The initial decline in the traditionally high birth rate in the village, and then the massive outflow of young people from the village, is recorded in the results of the all-Union population censuses. The last Soviet census, which was held in January 1989, showed that the increase in the number of inhabitants of the Union was carried out solely due to a rather impressive increase in the population of cities (especially republican, regional, regional and district centers). And if the growth of the urban population showed up throughout the post-war period, then the number of villagers from the mid-fifties began to decline quite clearly.
If we talk about the period from 1959 to 1989 years, the urban population of the Soviet Union increased by almost 89 million people, but the number of rural residents during the same period of time decreased by more than 10 million citizens.
As specific examples of changes in the number of inhabitants in the RSFSR, it is worthwhile to cite data for several cities and towns and villages of rural importance. The choice will be based on their belonging to different regions and different groups in terms of population, so that the sample is more or less representative. So, cities: Moscow, Sverdlovsk (now Yekaterinburg), Khabarovsk, Pskov, Shilka (now Trans-Baikal Territory).
Population growth in Moscow from 1959 to 1989 amounted to 3,88 million people, population growth in Sverdlovsk (Yekaterinburg) over the same period - 586 thousand people, Khabarovsk - 277 thousand people, Pskov - 122,5 thousand people, Shilki around 700 people (with its 16- 17-thousandth population in the period under review).
If you pay attention to other cities of the RSFSR, then in the overwhelming majority of cases it is precisely population growth that can be stated, especially if the city is a regional center.
The situation with the villages belonging to the Russian Federation (RSFSR) looks quite different. For example: Mazurka village (Voronezh region) - a decrease in the number of inhabitants by more than 1,2 thousands of people (with a population of 1959 in the year at the level of 2,6 thousands of people), Amelin hamlet (Kursk region) - a two-fold decrease in the number of inhabitants in a specified period Varin (Bryansk region) - a decrease in the number of inhabitants for the specified period by almost a third. Other examples show the same tendency towards a decrease in the number of the rural population, which began to manifest itself from the middle of the last century.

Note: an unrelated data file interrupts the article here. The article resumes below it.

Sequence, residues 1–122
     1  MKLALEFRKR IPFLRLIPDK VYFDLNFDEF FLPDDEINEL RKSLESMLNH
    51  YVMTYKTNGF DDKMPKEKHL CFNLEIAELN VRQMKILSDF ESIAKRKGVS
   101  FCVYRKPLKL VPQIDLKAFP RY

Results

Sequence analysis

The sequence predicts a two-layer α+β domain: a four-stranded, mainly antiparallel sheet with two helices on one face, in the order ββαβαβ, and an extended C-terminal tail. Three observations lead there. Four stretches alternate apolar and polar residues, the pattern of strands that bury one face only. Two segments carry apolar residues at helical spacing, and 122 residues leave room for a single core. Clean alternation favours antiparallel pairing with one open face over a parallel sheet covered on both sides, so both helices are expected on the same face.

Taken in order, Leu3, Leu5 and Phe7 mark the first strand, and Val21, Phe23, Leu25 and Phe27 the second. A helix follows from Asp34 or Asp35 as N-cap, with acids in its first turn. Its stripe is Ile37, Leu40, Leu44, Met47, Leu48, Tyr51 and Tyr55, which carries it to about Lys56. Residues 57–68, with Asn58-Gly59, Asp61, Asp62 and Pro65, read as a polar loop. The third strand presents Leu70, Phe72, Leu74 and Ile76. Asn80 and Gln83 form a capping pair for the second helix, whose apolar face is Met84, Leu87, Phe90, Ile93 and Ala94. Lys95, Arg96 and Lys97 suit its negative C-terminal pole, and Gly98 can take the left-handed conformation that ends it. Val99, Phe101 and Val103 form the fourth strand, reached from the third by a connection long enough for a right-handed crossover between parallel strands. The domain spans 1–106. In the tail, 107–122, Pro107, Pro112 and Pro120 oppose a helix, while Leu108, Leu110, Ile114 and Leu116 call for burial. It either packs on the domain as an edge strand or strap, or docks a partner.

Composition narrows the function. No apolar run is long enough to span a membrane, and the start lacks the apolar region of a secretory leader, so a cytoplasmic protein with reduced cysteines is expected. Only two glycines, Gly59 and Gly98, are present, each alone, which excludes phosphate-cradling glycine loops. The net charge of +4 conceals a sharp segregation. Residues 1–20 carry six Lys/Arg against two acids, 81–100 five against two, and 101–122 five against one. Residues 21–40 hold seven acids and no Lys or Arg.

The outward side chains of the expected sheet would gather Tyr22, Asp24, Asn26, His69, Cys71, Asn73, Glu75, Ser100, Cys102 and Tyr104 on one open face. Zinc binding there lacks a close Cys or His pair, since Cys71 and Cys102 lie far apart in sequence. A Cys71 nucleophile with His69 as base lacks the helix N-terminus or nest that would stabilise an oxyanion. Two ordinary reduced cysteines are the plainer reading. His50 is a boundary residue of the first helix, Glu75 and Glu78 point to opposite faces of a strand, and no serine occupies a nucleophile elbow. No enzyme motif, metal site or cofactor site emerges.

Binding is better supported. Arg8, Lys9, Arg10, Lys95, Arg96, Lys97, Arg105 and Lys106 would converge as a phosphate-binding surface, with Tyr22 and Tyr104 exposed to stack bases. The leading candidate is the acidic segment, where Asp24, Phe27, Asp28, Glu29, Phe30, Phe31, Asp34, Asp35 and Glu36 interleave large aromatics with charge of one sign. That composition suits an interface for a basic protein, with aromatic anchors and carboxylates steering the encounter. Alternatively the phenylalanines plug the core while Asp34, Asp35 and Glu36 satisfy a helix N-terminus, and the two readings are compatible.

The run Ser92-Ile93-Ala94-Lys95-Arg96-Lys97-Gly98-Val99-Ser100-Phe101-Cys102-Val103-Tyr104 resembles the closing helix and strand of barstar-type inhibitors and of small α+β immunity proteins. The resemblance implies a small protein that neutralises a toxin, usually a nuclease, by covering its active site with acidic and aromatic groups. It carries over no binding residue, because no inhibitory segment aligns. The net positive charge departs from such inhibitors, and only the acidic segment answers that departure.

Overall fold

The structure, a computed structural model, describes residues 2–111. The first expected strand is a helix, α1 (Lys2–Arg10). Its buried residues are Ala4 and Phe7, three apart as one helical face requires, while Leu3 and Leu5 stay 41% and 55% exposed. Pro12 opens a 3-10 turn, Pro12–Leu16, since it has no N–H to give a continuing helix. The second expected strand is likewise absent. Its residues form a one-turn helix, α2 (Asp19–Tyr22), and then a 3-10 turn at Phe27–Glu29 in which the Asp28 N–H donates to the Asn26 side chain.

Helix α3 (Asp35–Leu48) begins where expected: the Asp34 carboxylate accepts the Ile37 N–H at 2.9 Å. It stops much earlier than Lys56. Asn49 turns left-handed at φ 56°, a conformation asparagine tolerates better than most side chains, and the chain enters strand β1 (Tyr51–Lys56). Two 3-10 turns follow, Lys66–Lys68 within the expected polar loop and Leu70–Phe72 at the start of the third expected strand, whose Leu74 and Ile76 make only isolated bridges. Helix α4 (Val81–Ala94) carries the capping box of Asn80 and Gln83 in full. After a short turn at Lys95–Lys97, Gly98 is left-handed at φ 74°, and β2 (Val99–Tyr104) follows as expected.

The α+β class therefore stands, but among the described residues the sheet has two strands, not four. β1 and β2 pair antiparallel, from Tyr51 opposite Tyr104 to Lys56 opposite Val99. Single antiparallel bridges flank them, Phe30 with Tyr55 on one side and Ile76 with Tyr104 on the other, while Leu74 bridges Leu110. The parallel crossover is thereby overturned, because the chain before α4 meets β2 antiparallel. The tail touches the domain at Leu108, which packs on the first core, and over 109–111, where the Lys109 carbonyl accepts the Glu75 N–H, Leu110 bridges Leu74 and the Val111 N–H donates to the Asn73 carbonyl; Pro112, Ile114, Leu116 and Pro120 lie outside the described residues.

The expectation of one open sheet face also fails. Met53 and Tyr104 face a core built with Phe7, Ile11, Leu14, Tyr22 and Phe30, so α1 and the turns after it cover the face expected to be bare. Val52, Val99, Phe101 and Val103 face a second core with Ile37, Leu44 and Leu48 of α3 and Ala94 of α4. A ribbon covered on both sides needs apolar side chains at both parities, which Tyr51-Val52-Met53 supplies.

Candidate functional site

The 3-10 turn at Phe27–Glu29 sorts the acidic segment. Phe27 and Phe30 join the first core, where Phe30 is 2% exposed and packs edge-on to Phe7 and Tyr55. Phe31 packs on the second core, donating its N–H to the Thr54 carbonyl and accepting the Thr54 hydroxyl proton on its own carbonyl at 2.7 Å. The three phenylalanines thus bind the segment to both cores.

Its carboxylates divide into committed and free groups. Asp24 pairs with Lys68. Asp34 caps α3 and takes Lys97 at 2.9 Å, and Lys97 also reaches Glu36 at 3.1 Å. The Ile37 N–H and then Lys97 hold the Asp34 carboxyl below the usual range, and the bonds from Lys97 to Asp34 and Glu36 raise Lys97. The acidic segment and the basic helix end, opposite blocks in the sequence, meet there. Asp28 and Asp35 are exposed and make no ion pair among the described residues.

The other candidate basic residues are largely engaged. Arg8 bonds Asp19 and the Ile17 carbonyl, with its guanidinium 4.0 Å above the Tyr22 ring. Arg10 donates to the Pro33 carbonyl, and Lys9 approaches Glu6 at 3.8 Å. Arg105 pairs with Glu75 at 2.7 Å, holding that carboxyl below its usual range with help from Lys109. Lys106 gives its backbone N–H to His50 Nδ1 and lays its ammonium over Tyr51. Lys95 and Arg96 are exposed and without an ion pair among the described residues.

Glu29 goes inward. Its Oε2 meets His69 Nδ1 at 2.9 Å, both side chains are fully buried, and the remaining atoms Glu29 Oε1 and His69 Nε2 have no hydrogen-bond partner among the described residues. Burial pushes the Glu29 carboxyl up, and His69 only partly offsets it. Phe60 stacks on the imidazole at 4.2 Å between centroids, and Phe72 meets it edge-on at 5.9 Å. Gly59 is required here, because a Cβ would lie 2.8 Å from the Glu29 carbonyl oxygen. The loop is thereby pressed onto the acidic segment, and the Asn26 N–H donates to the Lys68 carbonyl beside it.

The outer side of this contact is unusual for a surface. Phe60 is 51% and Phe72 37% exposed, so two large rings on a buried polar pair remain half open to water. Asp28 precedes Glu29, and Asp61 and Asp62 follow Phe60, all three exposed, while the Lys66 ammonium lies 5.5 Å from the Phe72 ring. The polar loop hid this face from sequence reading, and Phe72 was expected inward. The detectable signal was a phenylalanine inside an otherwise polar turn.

This trend with even more frightening numbers continues to manifest itself in relation to the rural hinterland of Russia today.
According to the latest data, in the Kursk region alone, since the collapse of the Soviet Union, more than a hundred and fifty villages and farms have become ghost towns. Most of them are no longer found on modern maps, and in reality they are looking at us with gaping eye sockets of broken windows, leaky roofs of dilapidated houses. The last old men, who remained here even after the public transport communication was stopped with the majority of the dying villages and farms, after all retail outlets were closed, and the medical attendants' offices were relocated at best to other settlements a couple of tens of kilometers from them, lived your age. Over three thousand villages of the Russian Chernozem region today are also ready to go into the category of ghosts for the simple reason that they live in (and this word is far from always appropriate, they rather survive) less than 10 people in each. Mostly deep old men.
According to the testimony of local residents, the last youth left many villages of central Russia twenty years ago, and the old people were left alone with the conditions into which they were driven by fate.
A former resident of the Kursk region, now a resident of Moscow, Mikhail says:
He himself once came to Ryazanovo as a child. This is near Kursk. People enjoyed life. In the village there were many living creatures, equipment. Now is emptiness. Some old men. Scary to look at it. Without war everything is ruined.
The former villager of the Oryol region, now a resident of the city of Voronezh, Igor, tells:
Came from the village to enter the agricultural. Naturally, I thought, I will come back, I will work as an agronomist. But then everything began to turn: the army, met his future wife, and remained in the big city. Now in their small homeland only on short visits. The old people live, the farm is looted, in the whole village one attribute of civilization is a red payphone. Once, my old man told me: they tried to call an ambulance on him, so at that end, when they found out where they were calling, they just hung up the phone - they say, to go far. I scold myself, of course. But now is the time. What would I do there now? Work - no prospects, too.
A former villager of the Voronezh region, now a resident of the city of Volzhsky (Volgograd region), Alexey: